A WOMAN whose late-husband donated his organs to save lives is today backing Scotland’s new opt out system. 

Elaine Kennedy says David’s decision to give up his kidneys, liver and pancreas, helped her deal with the devastation of losing the “selfless” Lanarkshire man. 

David was only 43 when he passed away in March 2019 following an accident at work. 

Marking the change in the law around organ and tissue donation, nurse Elaine, 45, is now encouraging people to speak to their loved ones about the process. 

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The Uddingston woman said: “David was able to donate both his kidneys, his pancreas and his liver. 

“It’s bittersweet – you never want to find yourself in that position, but the fact that there’s three recipients and families out there who may have been given a quality of life they didn’t have before, has helped in our devastation.” 

She added: “You have these flippant conversations – as a diabetic I have to renew my driving license every three years, and as I looked at the box on the form asking me about organ donation, I asked David if he was an organ donor. 

“He said ‘no, but why not’, and that was that, he signed up to the Register.

“If I didn’t know what he wanted, it would’ve made it harder. Because of that conversation, myself and David’s family were able to honour his decision. 

“I had more time to digest David’s wishes than his family and I was clear about what he wanted to happen when I raised it with the doctors. 

“But after talking it through with them, in that moment, we all wanted to respect David’s wishes. 

“He was such a selfless and generous person in life, he wanted to make everyone happy and this was the last thing he could do for someone else.”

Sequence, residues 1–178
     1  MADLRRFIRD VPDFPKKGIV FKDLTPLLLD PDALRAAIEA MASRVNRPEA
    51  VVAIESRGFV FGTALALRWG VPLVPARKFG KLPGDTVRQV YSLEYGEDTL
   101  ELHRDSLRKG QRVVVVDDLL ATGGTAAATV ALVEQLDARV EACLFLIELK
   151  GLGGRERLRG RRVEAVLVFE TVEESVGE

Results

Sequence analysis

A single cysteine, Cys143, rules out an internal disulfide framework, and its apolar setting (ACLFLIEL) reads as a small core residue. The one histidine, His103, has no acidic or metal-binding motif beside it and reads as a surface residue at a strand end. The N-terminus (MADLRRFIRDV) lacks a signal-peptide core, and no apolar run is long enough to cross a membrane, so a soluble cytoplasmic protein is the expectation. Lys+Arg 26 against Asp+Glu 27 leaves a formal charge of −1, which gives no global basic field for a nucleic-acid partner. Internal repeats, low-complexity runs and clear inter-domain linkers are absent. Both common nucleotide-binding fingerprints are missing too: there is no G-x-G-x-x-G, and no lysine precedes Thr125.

Today’s change means that if people aged 16 and over haven’t recorded a decision about donation, they will be considered a possible donor if they die in circumstances in which they could donate. 

Glasgow Times: Lorraine Kelly supported our Opt for Life campaign Lorraine Kelly supported our Opt for Life campaign

People can record their decision to be a donor or to opt out on the NHS Organ Donor Register at any time. 

If people do nothing when the law changes, it will be assumed they agree to donate, unless they are in a group for whom the law does not apply.

It comes after the Glasgow Times successfully lobbied the law change as part of our Opt for Life campaign.

READ MORE: Glasgow warned to make organ donation choice ahead of law shift

Elaine, who had known David since they were four, added: “David was awarded the Order of St John for his donation and going to the ceremony, hearing the recipient stories was so inspiring. I think donating your organs is the most selfless thing you can do, but it’s got to be the right decision for you.” 

Visit organdonationscotland.org